She further disclosed that there are no increased risks of glioma, meningioma or acoustic neuroma with mobile phone use of more than 10 years noting that while there are no available data for long-term use, there indications of increased risk of glioma for heavy users.
As part of the WHO plan on dousing the fears of users on the radiation impact of mobile phones and base stations, she said the world body is in partnership with
international organizations, international, advisory committee, national authorities and collaborating centres
She said while evidence for other exposures such as base stations, wifi, and outcomes (other cancers) considered insufficient for any conclusion, studies on children is ongoing.
In his paper titled: "ICNIRP: Structure, Activitites, protection Standard", Dr Paolo Vecchia of National Institute of Health, Rome, Italy and former Chairman of ICNIRP, said that "although there are deficiencies in the epidemiological work, the studies have yielded no convincing evidence that typical exposure levels lead to adverse reproductive outcomes or an increased cancer risk in exposed individuals".
He however said a decision must be made whether the available evidence allows the identification of an exposure hazard, that is an adverse health effect caused by an NIR exposure.
According to him, ICNIRP provides guidance and advice on the health hazards of non-ionizing radiation, develops international guidelines on limiting exposure to non-ionizing radiation that are independent and science based, provides science based guidance and recommendations on protection from non-ionizing radiation exposure.
He said it is the opinion of ICNIRP, that the scientific literature published since
the 1998 guidelines has provided no evidence of any adverse effects below the basic restrictions and does not necessitate an immediate revision of its guidance on limiting exposure to high frequency electromagnetic fields.
Director Europe, Middle East and Africa of Mobile Manufacturers Forum, Thomas Barmüller, while speaking on Mobile phones and Safety: International EMF policy Development said the Specific Absorption Rate (SAR) ensures that mobile phones are tested for compliance at the highest possible power level saying that the test rate is usually on the user manual.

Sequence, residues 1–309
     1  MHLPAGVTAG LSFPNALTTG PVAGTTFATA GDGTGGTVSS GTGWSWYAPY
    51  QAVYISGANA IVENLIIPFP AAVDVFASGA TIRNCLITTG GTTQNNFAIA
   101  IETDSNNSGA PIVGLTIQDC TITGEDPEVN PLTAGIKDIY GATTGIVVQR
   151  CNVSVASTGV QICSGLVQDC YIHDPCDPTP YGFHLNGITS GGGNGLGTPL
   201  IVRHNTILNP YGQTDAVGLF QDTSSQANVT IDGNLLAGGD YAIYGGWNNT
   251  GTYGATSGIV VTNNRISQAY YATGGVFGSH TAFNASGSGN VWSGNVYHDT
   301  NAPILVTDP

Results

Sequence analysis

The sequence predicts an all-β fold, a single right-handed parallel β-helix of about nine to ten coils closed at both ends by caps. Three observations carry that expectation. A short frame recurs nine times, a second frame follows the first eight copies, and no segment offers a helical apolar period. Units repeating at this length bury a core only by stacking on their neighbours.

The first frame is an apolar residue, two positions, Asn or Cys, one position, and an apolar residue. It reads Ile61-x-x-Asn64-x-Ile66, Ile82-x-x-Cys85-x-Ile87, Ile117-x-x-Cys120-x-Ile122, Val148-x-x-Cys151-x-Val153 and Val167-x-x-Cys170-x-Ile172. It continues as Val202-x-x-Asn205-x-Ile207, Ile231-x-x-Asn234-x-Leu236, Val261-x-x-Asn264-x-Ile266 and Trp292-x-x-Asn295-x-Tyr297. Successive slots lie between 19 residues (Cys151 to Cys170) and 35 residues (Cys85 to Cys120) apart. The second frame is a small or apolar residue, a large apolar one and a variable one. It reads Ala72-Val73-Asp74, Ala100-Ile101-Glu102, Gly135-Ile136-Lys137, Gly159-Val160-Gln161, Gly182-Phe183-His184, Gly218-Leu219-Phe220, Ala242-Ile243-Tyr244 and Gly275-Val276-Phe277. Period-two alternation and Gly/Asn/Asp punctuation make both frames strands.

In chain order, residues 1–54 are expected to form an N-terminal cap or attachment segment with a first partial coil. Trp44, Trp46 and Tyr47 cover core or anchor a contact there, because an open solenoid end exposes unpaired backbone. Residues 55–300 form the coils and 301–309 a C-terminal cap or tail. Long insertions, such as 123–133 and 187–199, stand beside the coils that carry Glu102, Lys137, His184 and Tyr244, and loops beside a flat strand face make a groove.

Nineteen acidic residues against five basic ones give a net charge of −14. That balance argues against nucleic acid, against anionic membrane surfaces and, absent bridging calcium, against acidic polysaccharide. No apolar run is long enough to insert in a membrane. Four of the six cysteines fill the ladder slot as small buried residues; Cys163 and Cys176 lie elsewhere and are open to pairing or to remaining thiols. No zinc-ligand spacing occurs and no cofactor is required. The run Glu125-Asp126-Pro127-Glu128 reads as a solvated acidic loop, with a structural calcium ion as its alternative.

According to him, mobiles only operate on the minimum power needed to make or maintain a call to extend battery life but this also reduces EMF exposure further adding that for but some people remain concerned, hands-free kit is recommended.
He however, noted that it's not about additional or higher safety as all compliant mobile phones are equally safe stressing, "Science-based approach prevails as countries around the world have adopted ICNIRP limits" and that the ITU recommends that "if such limits do not exist, or if they do not cover the frequencies of interest, then ICNIRP limits should be used."
He observed that the bill on EMF exposure limits discussed in National Assembly, which applies to both network infrastructure and handsets is based on the limits set by the International Commission on Non-Ionizing Radiation Protection (ICNIRP).
ECOWAS commissioner, Dr Raphael Koffi who spoke on the topic: EMF Policy Survey in the ECOWAS region said that the commission has conducted an EMF exposure guidelines survey in 9 of the 15 ECOWAS Member States saying that the survey showed that all respondent countries have policies that have based their exposure limits on the International Commission for Non-Ionizing Radiation Protection (ICNIRP) guidelines.
He stated that few countries have set good practice targets while most countries have an appeals process.